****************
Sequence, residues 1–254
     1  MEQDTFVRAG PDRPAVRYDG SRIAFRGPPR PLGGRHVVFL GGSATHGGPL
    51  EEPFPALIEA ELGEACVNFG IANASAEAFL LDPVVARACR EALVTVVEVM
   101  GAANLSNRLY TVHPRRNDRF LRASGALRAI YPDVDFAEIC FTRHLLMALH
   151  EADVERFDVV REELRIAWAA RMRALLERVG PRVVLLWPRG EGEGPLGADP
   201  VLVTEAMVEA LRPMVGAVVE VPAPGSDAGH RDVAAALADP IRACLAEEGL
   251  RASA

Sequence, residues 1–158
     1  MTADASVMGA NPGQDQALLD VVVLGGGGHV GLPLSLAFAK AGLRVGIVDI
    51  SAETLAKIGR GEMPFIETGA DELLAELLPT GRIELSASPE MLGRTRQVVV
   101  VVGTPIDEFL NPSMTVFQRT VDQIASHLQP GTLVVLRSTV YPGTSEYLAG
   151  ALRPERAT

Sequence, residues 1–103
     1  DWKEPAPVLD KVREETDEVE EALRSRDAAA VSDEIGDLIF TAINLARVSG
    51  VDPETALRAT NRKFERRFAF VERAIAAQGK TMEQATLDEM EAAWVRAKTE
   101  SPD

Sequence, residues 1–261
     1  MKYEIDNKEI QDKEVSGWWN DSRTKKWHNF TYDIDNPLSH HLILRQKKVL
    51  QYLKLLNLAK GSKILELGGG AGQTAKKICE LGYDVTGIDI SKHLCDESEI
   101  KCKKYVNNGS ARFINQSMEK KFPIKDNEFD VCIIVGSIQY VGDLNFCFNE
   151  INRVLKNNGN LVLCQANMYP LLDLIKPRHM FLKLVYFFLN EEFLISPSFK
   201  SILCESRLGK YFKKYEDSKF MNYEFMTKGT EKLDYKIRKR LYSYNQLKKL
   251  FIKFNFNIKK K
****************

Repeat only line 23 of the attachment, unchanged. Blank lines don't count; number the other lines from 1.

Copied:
   251  FIKFNFNIKK K